With that backdrop, my good friend Mary Chipman is trying to trying to convince me that some people are twittering useful stuff. She is correct, she twitters here, mostly on SQL Server and other data related stuff. That said, I still won’t use twitter since there is still way too much noise.

Mary and I are doing a session at TechEd next month called “Access and SQL Server: Solve problems without spending money.” In this session we look at a few use cases where it makes sense from both a technological and business perspective to use the wiz-bang features of Access to augment your .NET and SQL Server solutions. We are not advocating using Access as a development platform, just as an augment to your solution. You do this with Excel all the time, why not use a relational engine with build in reporting as well?

Let me give you an example. Let’s say you have an enterprise application written in .NET with a SQL Server back end. You are a PR firm and the system takes inputs from some other systems of press and PR items. Then the data is transformed and put into data warehouse tables and viewed on the web via an ASP.NET app and SQL Server Reporting Services.

Now the boss tells you that you have to track twitter. You protest! But the boss insists. The problem is that twitter has so much junk in it and you can’t accept a raw feed into your enterprise application like you do for press releases, etc. You ask your developers to build an app that will pull in the twitter feeds via its RESTful API and store the tweets locally to give you the ability to rate the tweets relevant or irrelevant and then upload to the enterprise database to flow into the data warehouse and .NET app. They say, sure, but it will take a little while to build the app but they are busy on higher priority stuff, so they can’t get started.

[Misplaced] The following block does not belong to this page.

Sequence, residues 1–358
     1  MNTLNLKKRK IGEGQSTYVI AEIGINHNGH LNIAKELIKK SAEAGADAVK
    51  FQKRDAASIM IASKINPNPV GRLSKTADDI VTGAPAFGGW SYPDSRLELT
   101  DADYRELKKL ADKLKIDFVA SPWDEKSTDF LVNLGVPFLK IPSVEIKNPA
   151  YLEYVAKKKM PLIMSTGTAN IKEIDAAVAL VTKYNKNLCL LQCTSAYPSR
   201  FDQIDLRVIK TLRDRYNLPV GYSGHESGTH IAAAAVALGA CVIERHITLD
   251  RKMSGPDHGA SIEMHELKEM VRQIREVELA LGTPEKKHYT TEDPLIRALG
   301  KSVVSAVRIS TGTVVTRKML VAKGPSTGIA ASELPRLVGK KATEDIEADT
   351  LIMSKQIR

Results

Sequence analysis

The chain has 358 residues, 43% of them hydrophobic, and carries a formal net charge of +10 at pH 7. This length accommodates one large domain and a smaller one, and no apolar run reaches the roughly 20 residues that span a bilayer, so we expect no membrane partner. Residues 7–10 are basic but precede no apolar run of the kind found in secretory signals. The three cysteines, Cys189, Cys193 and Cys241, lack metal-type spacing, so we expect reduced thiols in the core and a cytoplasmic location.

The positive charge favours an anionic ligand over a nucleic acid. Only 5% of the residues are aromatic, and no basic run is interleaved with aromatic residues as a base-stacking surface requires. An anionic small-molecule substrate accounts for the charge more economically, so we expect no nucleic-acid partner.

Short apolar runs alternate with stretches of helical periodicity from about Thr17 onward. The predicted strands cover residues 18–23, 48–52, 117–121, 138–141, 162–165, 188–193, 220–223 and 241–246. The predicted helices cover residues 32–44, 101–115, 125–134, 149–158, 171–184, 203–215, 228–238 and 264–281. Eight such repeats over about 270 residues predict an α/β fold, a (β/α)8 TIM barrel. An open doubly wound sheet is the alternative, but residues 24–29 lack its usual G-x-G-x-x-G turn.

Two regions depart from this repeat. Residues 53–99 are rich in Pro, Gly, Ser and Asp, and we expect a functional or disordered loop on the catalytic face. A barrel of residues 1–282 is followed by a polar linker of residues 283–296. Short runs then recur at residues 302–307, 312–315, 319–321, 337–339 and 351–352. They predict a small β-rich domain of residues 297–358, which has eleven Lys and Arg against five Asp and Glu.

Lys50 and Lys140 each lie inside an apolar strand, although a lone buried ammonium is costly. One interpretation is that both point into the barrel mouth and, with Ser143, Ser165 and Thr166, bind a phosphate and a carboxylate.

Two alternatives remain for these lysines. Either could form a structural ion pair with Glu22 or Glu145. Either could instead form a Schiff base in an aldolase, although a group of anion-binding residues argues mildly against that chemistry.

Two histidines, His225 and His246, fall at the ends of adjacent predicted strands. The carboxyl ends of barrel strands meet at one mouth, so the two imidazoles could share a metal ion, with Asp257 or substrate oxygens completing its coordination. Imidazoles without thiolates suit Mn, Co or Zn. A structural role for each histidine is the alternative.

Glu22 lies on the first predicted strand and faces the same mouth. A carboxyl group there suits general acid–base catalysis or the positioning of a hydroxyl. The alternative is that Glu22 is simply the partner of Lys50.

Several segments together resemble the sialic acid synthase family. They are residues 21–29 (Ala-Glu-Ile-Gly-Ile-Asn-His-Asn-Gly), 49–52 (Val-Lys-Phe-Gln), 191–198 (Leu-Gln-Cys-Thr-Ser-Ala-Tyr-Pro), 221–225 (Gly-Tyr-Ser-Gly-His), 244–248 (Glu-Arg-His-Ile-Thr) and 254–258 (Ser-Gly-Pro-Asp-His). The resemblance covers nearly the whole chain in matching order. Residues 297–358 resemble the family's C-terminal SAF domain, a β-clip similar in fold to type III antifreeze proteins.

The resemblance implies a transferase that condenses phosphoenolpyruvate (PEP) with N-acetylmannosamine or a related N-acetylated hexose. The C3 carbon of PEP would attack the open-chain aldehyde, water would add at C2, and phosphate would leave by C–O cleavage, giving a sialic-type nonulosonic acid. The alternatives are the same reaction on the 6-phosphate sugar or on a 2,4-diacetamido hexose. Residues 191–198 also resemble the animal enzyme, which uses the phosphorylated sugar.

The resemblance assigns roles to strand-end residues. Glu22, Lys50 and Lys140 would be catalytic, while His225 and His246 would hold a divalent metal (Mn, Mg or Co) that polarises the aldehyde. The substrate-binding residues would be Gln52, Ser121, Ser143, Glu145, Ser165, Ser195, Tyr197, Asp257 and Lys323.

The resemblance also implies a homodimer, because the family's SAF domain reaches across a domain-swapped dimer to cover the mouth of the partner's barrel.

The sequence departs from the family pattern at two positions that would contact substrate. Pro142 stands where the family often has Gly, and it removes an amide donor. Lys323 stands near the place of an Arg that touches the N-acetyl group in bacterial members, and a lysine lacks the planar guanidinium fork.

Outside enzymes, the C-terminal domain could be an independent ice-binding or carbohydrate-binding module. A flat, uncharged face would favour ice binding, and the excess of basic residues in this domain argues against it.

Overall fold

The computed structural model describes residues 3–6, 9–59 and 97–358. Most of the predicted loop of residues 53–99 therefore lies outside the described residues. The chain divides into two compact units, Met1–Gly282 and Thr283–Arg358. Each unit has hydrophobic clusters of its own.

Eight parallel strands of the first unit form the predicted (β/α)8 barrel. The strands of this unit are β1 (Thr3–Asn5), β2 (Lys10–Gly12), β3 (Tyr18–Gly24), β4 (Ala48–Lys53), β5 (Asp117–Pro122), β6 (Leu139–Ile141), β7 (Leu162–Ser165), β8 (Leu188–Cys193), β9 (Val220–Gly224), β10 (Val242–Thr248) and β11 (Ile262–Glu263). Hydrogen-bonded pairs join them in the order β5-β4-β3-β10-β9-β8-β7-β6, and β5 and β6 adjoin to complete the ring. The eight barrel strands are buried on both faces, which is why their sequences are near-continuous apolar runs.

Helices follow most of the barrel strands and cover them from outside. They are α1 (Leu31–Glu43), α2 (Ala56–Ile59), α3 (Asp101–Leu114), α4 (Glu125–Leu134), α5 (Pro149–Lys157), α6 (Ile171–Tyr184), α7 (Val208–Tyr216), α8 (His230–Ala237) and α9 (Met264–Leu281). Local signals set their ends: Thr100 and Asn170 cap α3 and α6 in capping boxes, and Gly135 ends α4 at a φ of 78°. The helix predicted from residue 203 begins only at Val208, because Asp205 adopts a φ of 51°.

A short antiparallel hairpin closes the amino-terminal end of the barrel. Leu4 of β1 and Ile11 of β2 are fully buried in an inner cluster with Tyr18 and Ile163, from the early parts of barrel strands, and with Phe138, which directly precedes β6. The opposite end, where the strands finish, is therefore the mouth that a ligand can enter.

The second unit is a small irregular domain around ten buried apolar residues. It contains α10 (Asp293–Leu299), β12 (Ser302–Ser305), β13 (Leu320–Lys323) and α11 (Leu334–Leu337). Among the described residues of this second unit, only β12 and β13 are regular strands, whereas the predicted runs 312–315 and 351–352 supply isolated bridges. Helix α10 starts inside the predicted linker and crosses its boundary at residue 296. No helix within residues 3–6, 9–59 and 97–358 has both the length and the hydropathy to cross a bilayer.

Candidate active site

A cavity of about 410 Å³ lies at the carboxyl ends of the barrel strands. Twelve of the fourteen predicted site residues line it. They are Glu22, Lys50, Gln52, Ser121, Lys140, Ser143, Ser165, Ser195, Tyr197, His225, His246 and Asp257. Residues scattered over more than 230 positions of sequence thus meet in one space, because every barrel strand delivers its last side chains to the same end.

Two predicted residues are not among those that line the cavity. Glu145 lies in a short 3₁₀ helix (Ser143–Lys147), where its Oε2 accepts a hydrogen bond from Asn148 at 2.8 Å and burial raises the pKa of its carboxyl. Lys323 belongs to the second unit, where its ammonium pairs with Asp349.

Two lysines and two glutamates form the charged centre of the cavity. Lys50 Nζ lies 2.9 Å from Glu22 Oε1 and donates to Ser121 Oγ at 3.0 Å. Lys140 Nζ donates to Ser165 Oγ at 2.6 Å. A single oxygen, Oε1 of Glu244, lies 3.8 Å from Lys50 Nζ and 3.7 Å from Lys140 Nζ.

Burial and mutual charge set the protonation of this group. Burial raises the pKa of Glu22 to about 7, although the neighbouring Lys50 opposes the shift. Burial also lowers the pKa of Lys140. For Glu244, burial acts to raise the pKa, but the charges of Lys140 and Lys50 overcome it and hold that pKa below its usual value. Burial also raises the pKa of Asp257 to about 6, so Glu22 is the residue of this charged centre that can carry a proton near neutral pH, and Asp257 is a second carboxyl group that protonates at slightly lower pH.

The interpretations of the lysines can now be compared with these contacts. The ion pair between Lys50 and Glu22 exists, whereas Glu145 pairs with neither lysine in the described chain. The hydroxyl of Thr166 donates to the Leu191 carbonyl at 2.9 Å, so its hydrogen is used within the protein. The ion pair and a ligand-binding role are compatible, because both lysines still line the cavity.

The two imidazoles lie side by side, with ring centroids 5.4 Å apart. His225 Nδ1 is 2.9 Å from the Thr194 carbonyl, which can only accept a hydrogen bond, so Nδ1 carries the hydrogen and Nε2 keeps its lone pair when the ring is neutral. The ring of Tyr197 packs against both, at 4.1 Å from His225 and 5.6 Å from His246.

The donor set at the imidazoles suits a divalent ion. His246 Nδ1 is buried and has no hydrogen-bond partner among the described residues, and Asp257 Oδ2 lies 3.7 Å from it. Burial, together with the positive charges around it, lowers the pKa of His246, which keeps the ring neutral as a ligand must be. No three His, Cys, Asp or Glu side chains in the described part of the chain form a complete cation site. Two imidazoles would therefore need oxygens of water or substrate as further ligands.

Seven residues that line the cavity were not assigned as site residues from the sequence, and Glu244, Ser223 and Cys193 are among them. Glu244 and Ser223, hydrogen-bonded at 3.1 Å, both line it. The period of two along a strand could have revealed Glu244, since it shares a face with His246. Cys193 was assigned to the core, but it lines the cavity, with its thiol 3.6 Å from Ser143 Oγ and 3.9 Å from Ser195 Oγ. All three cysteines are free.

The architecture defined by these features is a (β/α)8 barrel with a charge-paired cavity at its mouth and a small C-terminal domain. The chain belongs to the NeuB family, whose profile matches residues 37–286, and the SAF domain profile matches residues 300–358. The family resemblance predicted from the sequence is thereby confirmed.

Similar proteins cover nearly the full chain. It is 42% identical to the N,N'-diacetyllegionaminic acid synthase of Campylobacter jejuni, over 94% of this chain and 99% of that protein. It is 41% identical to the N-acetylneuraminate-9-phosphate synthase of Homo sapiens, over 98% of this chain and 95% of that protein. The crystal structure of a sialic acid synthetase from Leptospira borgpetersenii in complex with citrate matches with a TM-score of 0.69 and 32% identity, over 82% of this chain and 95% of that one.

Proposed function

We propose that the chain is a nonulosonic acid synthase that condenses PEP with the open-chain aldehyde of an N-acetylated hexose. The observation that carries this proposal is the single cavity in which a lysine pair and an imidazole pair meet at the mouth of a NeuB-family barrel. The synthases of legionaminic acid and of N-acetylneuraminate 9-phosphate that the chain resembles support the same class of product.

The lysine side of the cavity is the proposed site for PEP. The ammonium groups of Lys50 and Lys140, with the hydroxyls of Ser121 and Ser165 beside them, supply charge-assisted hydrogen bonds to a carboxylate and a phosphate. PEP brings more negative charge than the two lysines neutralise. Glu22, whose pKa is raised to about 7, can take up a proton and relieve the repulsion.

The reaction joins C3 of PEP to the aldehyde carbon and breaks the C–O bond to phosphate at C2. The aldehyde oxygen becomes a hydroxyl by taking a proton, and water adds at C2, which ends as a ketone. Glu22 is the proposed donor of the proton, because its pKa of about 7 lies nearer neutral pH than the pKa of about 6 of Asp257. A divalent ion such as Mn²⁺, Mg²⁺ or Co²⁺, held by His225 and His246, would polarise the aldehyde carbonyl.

So why not as a stop gap, just build a simple little Access app that uses VBA to call the twitter API and allow you to download the tweets into a local Access table, and then you can scroll through the data and click a “relevant” field as true/false. You can build this mini-solution in about 15 minutes. We’ll show you how.

Now just to be uber geeks, we also will want to get that data back into the enterprise system. The enterprise system has a locked down table structure (good!) so the only way to get data in is via a stored procedure. This stored procedure will only accept a table-valued parameter. Based on Mary’s MSDN white paper, we’ll show you how to do that too.

Hope to see you there, Tuesday May 12th after lunch. We have a few other scenarios to show you, some with Sharepoint (which are really cool), some with agile prototyping, and some using Access reporting for some solutions for annoying power users.

posted on Thursday, April 23, 2009 10:27:03 AM (Eastern Daylight Time, UTC-04:00)  #    Comments [0] Trackback
# Wednesday, April 22, 2009

I am over in Bangalore, India speaking at the Great Indian Developer Conference, and as I get on stage for my first session my laptop does not project to the monitor. Oh well, I guess I have to reduce my five gazillion by one trillion screen resolution. Still not working. Tried the old reliable, rebooting. Still no dice. We try another laptop just to make sure it is me, not the monitor, sure enough it is me.